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Consumption Pattern of Milk and Milk Products and its Determinants: A Case of Junagadh District

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Abstract

The study was carried out to estimate expenditure and income elasticities, to examine inequality in expenditure and to know which are the factors affecting consumption of milk and milk products in rural and urban area. Major findings revealed that 50 and 16 per cent of the sample households belong to low income group whereas only 20 and 24 per cent belongs to high income group, respectively in rural and urban area. The adult (20 to 40 years) age group has the largest proportionate share of expenditure in rural and urban area. The percentage share of expenditure on food items decreased while that of non-food items increased with the increase in the level of total per capita expenditure. Milk and milk products were found to be expenditure and income inelastic in both the area. The expenditure on cereals and on meat and eggs would significantly decrease the expenditure on milk and milk products in rural and urban area, respectively. It was observed that expenditure on pulses, vegetables and fruits, sugar, edible oils and fats, other food items had positive significant effect on the expenditure of milk and milk products.
Title of the research Paper: Consumption Pattern of Milk and Milk Products and its
Determinants: A Case of Junagadh District
List of Author’s name and address
1. P.N. Gavhane
Department of Agricultural Economics
Junagadh agricultural University
Junagadh
2. Dr. K.A.Khunt
Professor
Post Graduate Institute of Agri- Business Management
Junagadh agricultural University
Junagadh-362001
Email:ka_khunt
3. Dr. N.J. Ardeshna **
Assistant research Scientist
Department of Agricultural Economics
Junagadh agricultural University
Junagadh-362001
Email:nardeshna@yahoo.com
** Author for correspondence
Consumption Pattern of Milk and Milk Products and its Determinants: A Case of
Junagadh District
The study was carried out to estimate expenditure and income elasticities, to examine
inequality in expenditure and to know which are the factors affecting consumption of milk and
milk products in rural and urban area. Major findings revealed that 50 and 16 per cent of the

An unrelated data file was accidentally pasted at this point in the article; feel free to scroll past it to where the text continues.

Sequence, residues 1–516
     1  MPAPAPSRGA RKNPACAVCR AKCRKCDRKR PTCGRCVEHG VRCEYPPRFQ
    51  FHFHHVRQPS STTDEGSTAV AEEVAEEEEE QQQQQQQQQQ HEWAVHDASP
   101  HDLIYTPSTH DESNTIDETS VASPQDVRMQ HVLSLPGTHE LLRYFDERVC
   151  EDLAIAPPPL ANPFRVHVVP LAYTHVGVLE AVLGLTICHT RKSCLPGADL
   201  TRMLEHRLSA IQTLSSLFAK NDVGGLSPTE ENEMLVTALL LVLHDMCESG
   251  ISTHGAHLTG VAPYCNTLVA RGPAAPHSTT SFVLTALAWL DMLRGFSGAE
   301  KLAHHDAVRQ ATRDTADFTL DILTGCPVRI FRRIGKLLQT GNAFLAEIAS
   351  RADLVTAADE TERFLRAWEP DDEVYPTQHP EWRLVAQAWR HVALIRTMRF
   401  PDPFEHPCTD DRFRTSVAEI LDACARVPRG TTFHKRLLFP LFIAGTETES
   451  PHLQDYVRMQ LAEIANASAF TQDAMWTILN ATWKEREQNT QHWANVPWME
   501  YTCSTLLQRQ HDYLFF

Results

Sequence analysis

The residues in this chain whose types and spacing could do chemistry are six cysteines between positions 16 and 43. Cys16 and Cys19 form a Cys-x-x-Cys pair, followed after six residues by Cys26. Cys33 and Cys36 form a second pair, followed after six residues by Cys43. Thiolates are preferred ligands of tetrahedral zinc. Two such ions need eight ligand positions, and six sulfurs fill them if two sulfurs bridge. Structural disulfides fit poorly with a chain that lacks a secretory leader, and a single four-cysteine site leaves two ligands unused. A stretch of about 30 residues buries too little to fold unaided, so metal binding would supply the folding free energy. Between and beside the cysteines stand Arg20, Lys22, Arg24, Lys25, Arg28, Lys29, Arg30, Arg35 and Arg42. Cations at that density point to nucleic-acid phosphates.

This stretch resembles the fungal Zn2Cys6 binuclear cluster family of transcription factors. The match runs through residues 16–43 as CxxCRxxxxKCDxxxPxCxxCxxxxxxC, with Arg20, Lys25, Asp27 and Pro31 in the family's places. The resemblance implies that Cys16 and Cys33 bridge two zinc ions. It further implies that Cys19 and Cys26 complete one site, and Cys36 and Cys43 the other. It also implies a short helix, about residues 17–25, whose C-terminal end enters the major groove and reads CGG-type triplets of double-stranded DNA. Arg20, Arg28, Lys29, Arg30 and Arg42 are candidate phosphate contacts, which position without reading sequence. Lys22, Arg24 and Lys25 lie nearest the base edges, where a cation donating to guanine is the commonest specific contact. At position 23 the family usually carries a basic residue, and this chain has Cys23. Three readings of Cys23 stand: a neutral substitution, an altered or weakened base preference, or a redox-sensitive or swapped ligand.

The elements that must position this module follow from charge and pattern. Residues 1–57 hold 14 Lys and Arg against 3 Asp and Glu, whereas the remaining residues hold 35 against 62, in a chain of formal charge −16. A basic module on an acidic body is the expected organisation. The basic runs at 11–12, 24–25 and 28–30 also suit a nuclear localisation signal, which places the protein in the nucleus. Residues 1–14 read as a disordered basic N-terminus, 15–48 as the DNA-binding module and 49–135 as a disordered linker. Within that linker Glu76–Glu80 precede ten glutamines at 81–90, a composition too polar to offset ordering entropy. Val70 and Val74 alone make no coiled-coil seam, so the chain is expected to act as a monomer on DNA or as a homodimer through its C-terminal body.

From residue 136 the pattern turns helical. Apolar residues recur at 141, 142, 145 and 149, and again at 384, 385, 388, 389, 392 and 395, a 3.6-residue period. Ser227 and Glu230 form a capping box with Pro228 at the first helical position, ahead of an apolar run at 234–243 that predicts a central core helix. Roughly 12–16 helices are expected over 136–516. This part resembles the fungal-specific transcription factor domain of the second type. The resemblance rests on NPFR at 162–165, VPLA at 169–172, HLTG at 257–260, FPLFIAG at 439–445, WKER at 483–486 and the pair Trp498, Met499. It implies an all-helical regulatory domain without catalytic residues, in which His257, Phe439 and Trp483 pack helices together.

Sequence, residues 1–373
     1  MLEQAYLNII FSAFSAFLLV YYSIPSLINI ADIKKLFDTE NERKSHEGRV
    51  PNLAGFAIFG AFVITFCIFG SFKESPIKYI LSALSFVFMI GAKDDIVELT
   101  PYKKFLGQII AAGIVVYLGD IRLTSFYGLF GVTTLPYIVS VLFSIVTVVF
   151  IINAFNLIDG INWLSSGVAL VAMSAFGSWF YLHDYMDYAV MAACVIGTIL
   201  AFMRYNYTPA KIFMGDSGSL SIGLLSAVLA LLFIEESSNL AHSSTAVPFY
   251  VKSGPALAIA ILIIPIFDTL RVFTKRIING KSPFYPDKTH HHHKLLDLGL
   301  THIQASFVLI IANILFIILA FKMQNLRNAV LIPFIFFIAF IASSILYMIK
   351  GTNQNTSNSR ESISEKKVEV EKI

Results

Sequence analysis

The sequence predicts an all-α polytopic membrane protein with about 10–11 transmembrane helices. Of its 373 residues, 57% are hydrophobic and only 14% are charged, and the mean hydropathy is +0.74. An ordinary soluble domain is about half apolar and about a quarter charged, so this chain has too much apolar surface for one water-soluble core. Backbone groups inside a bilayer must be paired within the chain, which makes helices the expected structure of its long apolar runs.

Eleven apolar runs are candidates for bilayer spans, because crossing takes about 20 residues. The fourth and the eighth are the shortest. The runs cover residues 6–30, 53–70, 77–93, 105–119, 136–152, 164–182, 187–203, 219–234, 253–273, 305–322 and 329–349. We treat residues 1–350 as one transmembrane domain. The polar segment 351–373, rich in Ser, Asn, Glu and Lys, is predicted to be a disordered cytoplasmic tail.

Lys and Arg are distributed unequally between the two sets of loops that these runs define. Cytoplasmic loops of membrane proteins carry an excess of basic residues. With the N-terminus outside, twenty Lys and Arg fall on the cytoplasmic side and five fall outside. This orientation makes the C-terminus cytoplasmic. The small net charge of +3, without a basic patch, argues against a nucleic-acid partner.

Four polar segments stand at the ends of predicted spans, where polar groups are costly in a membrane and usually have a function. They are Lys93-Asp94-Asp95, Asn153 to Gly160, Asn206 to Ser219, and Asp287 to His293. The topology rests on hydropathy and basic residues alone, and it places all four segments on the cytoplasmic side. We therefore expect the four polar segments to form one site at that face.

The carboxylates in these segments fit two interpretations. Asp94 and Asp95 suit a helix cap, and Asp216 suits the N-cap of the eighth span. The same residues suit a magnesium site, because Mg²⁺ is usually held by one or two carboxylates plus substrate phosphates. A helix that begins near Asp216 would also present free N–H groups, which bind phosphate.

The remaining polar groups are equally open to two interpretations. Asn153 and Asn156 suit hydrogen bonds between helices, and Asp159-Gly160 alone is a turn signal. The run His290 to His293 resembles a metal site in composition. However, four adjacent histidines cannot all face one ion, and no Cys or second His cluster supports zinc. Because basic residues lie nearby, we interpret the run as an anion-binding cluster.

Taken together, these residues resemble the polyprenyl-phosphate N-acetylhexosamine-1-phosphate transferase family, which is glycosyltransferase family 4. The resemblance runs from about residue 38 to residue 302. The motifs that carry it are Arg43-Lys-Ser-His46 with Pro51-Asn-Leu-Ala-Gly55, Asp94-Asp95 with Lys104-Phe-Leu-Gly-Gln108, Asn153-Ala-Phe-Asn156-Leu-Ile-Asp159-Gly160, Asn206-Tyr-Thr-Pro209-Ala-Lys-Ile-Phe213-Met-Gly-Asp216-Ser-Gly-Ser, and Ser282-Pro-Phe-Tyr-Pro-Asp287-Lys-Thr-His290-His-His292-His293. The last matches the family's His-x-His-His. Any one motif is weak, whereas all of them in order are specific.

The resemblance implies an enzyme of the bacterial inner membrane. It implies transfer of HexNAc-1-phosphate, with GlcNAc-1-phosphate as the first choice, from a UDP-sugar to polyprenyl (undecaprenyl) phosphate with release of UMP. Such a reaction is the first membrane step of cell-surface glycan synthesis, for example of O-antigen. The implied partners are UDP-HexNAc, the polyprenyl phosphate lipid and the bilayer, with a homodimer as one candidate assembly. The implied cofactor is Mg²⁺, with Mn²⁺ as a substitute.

sample households belong to low income group whereas only 20 and 24 per cent belongs to high
income group, respectively in rural and urban area. The adult (20 to 40 years) age group has the
largest proportionate share of expenditure in rural and urban area. The percentage share of
expenditure on food items decreased while that of non-food items increased with the increase in
the level of total per capita expenditure. Milk and milk products were found to be expenditure
and income inelastic in both the area. The expenditure on cereals and on meat and eggs would
significantly decrease the expenditure on milk and milk products in rural and urban area,
respectively. It was observed that expenditure on pulses, vegetables and fruits, sugar, edible oils
and fats, other food items had positive significant effect on the expenditure of milk and milk
products.
Introduction
India ranks first in the world milk production touching the figure of about 100 MT with
per capita availability 246 gm/day and contribute about 15 per cent of total world milk
production in 2006-07. Milk production in Gujarat has also increased from 4608.41 million
tonnes in 1995-96 to 7533.1 million tonnes in 2006-07. Total 45 dairies are presently in
operation in Gujarat state of which 18 dairies are in public sector and 27 dairies in private sector.
Micro level analysis of the behaviour of consumers, its income levels, nature of preference
about quality, packing, form of milk and milk products, etc. assumes due significance in bridging
the gap between existing and recommended level of consumption. It has been observed that at
macro level liquid milk consumption have dominant position in milk utilization pattern with 50
per cent share followed by traditional dairy products like ghee, khoa, channa and curd which
account for 45 per cent share. But at the micro level a different picture emerges with regard to
milk consumption pattern which may vary from region to region. The assessment of the existing
pattern of milk consumption across different socio-economic groups in a particular area is of
great strategic importance in the formulation of the suitable marketing strategy and the
comprehensive Dairy Development Programme. Though number of studies on consumption
pattern has been conducted by different research workers in different parts of the country from
time to time, but milk and milk products were not included in a comprehensive manner in these
studies. This demanded a detailed research investigation into consumption of milk and milk
products. Therefore, the present study was carried out to study the consumption pattern and to
estimate the expenditure and income elasticities of milk and milk products along with other food
and non food items, to examine the inequalities in the per capita expenditure and to analyze the